1843 William Lobb established a cattle farm on the hill on the north part of the projected main road from Melbourne. The hill became known as Lobb's Hill and the lane that ran along the farm as Lobb's Lane. In later days it would become Stewart Street.

1846 Post office established on Wilkinson's Estate. It was named after the name of Wilkinson's Estate, Brunswick which had been named from Princess Caroline of Brunswick, wife of King George IV of England. A plaque celebrating the event was installed on the front of the Sortino shop on the site in 1986. The road from Melbourne had by now hardened enough to be usable in Brunswick, except in wet weather. It became known as Brunswick Street in Brunswick.

1847 The main road reached Pentridge. It was then named Pentridge Road. There were drainage problems caused by the construction of the road and the parts on the west side were turned into marshes as the water was dammed up. The problem was met by constructing an open drain down Albert Street which gave some relief.

1849 - January Thomas Manallack, a Cornishman arrived in Melbourne. He owned land in Little Collins Street, Melbourne and also in Brunswick. He opened a brickyard and pottery in Philipstown. He taught John Glew how to make bricks. He operated until 1851 when he went to the goldfields with his son, Thomas.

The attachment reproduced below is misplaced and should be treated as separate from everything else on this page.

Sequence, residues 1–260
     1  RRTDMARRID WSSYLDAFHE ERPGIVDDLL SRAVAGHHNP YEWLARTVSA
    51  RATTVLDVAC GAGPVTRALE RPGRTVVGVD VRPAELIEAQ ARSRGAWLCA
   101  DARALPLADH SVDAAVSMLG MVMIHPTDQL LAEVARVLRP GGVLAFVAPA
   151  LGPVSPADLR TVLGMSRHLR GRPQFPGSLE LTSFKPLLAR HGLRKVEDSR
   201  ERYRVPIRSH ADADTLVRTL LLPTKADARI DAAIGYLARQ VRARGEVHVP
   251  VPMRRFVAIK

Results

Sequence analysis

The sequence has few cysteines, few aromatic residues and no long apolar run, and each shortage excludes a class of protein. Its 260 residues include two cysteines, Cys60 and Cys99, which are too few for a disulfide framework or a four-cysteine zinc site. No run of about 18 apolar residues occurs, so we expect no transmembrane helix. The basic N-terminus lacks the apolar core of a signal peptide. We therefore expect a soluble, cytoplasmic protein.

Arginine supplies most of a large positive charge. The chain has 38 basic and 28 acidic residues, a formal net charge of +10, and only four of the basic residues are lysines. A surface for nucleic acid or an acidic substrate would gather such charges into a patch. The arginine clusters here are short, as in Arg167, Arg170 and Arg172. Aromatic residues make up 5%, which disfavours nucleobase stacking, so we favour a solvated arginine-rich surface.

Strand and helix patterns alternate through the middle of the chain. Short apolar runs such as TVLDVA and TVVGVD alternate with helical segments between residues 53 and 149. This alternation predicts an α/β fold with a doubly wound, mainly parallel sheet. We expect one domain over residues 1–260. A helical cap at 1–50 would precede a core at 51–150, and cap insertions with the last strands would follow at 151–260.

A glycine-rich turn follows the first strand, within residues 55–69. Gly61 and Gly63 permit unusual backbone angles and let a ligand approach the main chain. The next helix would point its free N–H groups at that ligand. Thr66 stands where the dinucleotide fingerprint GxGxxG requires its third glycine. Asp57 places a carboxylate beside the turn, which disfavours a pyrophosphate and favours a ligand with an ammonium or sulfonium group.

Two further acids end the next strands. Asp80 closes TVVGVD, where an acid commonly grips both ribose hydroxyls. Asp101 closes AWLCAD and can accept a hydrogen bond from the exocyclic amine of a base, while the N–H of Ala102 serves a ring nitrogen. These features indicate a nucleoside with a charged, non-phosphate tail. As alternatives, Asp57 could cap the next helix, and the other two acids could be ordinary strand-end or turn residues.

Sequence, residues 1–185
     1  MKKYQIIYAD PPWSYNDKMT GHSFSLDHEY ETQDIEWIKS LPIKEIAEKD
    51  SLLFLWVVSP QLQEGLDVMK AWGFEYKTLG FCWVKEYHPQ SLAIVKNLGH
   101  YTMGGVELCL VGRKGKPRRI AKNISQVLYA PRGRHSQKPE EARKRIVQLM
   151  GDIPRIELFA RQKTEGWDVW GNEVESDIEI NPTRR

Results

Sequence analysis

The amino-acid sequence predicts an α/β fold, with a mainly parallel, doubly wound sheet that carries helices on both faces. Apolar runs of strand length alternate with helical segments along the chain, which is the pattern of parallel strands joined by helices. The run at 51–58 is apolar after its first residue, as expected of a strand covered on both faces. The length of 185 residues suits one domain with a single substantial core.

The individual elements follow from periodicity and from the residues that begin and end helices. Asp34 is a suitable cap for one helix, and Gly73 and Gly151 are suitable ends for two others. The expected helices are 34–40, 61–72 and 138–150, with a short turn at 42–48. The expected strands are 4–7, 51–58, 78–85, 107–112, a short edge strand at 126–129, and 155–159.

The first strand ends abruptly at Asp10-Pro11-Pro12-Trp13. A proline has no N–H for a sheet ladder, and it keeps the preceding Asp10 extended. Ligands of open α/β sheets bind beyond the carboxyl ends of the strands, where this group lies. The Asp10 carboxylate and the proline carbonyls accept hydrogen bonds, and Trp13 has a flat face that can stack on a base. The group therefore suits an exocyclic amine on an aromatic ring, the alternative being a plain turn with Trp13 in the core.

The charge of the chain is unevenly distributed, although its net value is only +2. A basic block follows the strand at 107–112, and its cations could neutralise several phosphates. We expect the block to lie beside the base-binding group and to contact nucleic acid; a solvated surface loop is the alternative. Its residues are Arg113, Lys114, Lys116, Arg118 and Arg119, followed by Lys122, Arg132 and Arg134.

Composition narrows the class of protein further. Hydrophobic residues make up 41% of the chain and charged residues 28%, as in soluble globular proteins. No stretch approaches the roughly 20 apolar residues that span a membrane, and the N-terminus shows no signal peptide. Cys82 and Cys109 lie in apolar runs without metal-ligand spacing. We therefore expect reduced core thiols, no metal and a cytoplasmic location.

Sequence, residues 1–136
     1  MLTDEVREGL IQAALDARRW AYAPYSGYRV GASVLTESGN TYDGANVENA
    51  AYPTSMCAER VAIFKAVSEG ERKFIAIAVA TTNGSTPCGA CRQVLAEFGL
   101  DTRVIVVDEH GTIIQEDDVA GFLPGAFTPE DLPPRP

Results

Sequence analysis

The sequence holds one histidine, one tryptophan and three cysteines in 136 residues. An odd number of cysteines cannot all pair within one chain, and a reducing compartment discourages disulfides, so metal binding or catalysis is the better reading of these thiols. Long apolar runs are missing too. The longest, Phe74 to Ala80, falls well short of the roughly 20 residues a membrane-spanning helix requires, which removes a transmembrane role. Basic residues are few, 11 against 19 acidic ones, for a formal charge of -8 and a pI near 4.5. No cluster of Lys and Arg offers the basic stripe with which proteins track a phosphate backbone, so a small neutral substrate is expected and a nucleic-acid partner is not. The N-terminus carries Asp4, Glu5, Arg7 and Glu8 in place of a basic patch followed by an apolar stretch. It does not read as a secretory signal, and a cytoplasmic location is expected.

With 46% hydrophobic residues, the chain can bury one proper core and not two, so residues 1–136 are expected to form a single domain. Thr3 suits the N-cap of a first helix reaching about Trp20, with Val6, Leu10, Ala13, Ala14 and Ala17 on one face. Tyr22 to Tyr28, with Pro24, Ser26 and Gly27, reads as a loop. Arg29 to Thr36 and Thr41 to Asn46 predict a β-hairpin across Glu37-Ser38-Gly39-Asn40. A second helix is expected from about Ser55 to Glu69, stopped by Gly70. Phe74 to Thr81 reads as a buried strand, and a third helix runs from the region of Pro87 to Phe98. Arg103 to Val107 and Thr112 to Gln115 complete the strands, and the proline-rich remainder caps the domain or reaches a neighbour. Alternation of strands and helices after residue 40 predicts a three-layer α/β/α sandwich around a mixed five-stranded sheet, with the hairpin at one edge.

1849 Michael Dawson, who had acquired the whole of one of the original blocks 1843, now completed the construction of his English style ivy covered mansion. The estate was named Phoenix Park, after the famous park in Dublin and Dawson gave his postal address as Philipstown which was a place in Ireland where a Repeal riot had taken place three years before.

1849 - June John Glew opened his brickyard in Hodgson Street, Philipstown. Within six months he was employing two men, he is the first known employer of labour in the brick industry in Brunswick. He ran the yard until the pit was worked out in 1857 when he closed it and opened a new yard elsewhere.